I blog about free markets in medical care and transparent pricing.
1). It is expensive to provide health care.
It actually is not that expensive. What most hospitals charge for healthcare is another matter altogether. Even the supply costs are not that expensive and as a health care facility owner/manager I can speak from experience. Understand that medical facilities are not economically unlike utility companies that incur high fixed costs at startup, but once they are up and running, the additional cost of adding another consumer/patient approaches “zero.” In other words, hospital overhead doesn’t significantly increase with the addition of more patients.
2). Big city hospital emergency rooms are a big money loser.
See #1. Also, if this were true why is there a crane in front of almost everyone of them, building on? This hospital department represents the portal to some of the most lucrative activities a hospital encompasses with imaging, laboratory and surgery. One hospital system in Oklahoma is building free standing emergency rooms! Enough said.
3). Cost shifting is necessary for hospitals to stay afloat.
I’d say they have overdone this a bit, as plenty of money is available for the sponsorship of sports franchises, hostile takeovers of physician practices (particularly those in rural communities), subsequent hostile takeovers of rural hospitals, building and advertising campaigns….I could go on. Also keep in mind that when hospitals admit to shifting costs to those who pay from those who don’t, they are admitting that they provide no indigent care, after all. All they are doing is fronting the money to one they are going to take from another, while complaining that they have “lost” money.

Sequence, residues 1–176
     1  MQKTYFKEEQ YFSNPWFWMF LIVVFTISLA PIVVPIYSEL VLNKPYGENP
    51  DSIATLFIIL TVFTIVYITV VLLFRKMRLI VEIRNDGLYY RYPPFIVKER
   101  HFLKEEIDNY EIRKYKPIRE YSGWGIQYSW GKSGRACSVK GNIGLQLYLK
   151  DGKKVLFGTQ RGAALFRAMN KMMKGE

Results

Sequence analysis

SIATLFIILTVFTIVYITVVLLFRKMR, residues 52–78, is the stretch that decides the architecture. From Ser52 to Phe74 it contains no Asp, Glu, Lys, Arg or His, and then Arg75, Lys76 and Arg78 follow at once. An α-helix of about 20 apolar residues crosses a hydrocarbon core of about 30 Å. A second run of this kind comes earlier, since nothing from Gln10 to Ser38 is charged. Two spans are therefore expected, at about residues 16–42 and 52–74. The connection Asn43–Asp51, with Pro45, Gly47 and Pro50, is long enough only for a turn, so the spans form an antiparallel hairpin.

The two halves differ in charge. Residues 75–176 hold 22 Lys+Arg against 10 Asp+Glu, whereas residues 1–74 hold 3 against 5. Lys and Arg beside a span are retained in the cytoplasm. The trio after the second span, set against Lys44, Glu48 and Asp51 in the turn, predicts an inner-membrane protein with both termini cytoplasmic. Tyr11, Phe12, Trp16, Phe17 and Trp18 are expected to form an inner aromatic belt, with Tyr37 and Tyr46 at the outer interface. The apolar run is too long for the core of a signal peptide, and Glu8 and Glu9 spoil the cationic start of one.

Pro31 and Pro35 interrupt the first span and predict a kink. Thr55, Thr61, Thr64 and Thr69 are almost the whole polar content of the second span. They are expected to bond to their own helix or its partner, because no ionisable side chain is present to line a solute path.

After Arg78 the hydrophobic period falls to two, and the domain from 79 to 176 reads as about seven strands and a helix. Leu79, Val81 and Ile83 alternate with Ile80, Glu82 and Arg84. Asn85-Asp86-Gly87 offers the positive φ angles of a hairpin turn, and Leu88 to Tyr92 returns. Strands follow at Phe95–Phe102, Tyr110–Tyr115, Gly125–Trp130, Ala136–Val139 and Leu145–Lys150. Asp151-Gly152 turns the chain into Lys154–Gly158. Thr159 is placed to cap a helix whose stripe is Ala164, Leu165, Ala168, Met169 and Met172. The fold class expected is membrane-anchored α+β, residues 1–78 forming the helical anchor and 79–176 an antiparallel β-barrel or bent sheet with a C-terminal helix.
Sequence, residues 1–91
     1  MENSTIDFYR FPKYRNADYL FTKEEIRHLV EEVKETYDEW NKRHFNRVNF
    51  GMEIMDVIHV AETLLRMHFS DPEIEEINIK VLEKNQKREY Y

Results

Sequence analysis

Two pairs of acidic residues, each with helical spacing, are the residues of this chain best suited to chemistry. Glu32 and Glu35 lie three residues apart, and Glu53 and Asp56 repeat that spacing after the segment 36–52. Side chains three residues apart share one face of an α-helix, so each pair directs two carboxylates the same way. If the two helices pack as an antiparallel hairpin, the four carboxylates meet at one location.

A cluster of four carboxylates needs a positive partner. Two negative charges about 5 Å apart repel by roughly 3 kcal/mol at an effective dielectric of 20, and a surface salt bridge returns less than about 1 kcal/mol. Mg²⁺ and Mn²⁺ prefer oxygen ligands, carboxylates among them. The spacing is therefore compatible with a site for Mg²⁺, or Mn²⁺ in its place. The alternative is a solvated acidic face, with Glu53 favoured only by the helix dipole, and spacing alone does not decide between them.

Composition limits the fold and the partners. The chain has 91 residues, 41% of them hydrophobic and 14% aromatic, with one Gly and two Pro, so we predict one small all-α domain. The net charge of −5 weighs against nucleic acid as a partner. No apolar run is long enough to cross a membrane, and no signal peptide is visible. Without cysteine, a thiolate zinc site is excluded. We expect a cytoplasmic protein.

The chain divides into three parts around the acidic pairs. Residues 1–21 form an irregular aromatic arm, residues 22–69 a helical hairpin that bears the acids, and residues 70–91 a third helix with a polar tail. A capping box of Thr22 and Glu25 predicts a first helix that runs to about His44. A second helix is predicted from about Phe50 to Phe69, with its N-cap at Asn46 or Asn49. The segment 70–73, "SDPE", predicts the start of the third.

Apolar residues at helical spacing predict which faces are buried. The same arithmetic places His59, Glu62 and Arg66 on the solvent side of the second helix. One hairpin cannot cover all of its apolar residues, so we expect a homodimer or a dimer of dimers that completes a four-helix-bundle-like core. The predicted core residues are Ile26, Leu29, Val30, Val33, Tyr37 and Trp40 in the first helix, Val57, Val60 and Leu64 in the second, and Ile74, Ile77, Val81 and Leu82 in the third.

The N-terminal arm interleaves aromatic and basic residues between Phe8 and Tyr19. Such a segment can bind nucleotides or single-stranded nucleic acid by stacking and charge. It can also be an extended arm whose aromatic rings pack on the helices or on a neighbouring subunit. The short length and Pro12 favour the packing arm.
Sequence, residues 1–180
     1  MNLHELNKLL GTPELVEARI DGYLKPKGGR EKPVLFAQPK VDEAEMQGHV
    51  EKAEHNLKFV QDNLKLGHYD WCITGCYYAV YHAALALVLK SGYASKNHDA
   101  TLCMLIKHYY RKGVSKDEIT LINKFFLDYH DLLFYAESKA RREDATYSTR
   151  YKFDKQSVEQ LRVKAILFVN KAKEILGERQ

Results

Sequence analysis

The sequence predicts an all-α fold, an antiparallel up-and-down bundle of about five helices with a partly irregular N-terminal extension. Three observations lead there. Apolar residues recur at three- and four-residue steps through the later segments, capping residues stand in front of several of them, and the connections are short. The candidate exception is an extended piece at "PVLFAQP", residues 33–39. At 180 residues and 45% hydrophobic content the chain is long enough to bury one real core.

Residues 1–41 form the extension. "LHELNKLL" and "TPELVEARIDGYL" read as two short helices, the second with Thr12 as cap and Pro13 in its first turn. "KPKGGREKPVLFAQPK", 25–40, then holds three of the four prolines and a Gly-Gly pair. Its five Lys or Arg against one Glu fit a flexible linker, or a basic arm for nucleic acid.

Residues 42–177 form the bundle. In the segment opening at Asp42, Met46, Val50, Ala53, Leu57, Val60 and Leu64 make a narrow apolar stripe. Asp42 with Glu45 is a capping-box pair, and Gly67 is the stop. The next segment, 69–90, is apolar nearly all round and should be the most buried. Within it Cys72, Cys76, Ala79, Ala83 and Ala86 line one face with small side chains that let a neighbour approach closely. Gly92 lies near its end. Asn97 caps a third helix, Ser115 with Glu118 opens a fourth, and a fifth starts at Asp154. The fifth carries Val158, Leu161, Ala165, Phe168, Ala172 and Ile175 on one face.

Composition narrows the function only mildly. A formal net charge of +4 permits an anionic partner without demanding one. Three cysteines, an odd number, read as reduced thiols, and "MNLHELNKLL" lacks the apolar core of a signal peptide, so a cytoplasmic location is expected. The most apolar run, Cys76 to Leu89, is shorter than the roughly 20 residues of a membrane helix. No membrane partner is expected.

4). Not for profit means not make a profit.
It actually means, “don’t pay tax.” How would you like this deal? Charging giant sums and “writing down the balances” allows these entities to maintain the fiction of their “not for profit” status. As I’ve said before, “the one thing these not for profit hospitals are good at is making money.” Over sixty percent of personal bankruptcies are due to the medical bills that these “charitable” hospitals create.
5). Physicians referring their patients to the facilities they own represents a conflict of interest, while doctors employed by a hospital referring to their mother ship does not.
Doctors who over-utilize, doctors who do unnecessary surgery are out there. They typically work for corporate hospitals, though, as fellow physicians don’t want to be co-owners with these idiots due to the increased liability involved. Seriously, why is it not ok for physicians to own hospitals but it is ok for hospitals to own physicians? Hospitals lean on their employed doctors to order more MRI’s and lab and do more surgeries all the time, so that they will “earn their keep.” Exaggerating the complexity of daily hospital visits by hospital-employed physicians, using “cut and paste” electronic medical record technology, is also widely encouraged.
6). Upfront and transparent pricing is impossible in health care.
We have done it. Enough said. Hospitals can’t do this. Hospitals are doing this. Ok. I said more than I should have.
7). Free market principles don’t apply to health care.